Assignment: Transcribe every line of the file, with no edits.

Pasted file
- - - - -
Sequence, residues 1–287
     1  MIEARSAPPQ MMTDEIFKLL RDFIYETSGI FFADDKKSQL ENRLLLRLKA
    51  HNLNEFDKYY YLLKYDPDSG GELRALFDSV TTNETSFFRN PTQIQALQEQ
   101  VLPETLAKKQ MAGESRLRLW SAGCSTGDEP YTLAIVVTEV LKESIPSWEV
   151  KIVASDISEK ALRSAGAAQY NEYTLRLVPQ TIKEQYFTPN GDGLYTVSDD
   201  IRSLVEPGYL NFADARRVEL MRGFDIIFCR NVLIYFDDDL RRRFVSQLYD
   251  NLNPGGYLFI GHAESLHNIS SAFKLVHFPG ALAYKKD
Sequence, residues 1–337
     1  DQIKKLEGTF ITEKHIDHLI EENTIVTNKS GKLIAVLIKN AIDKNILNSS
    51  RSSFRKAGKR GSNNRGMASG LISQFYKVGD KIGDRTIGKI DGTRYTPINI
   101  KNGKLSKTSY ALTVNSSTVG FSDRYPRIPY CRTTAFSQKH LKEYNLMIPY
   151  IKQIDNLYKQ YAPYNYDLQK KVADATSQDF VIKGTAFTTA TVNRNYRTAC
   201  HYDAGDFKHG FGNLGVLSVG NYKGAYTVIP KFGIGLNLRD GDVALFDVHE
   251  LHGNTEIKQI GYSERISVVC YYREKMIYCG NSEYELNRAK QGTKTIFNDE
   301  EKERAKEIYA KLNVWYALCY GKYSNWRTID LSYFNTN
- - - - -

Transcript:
Sequence, residues 1–287
     1  MIEARSAPPQ MMTDEIFKLL RDFIYETSGI FFADDKKSQL ENRLLLRLKA
    51  HNLNEFDKYY YLLKYDPDSG GELRALFDSV TTNETSFFRN PTQIQALQEQ
   101  VLPETLAKKQ MAGESRLRLW SAGCSTGDEP YTLAIVVTEV LKESIPSWEV
   151  KIVASDISEK ALRSAGAAQY NEYTLRLVPQ TIKEQYFTPN GDGLYTVSDD
   201  IRSLVEPGYL NFADARRVEL MRGFDIIFCR NVLIYFDDDL RRRFVSQLYD
   251  NLNPGGYLFI GHAESLHNIS SAFKLVHFPG ALAYKKD
Sequence, residues 1–337
     1  DQIKKLEGTF ITEKHIDHLI EENTIVTNKS GKLIAVLIKN AIDKNILNSS
    51  RSSFRKAGKR GSNNRGMASG LISQFYKVGD KIGDRTIGKI DGTRYTPINI
   101  KNGKLSKTSY ALTVNSSTVG FSDRYPRIPY CRTTAFSQKH LKEYNLMIPY
   151  IKQIDNLYKQ YAPYNYDLQK KVADATSQDF VIKGTAFTTA TVNRNYRTAC
   201  HYDAGDFKHG FGNLGVLSVG NYKGAYTVIP KFGIGLNLRD GDVALFDVHE
   251  LHGNTEIKQI GYSERISVVC YYREKMIYCG NSEYELNRAK QGTKTIFNDE
   301  EKERAKEIYA KLNVWYALCY GKYSNWRTID LSYFNTN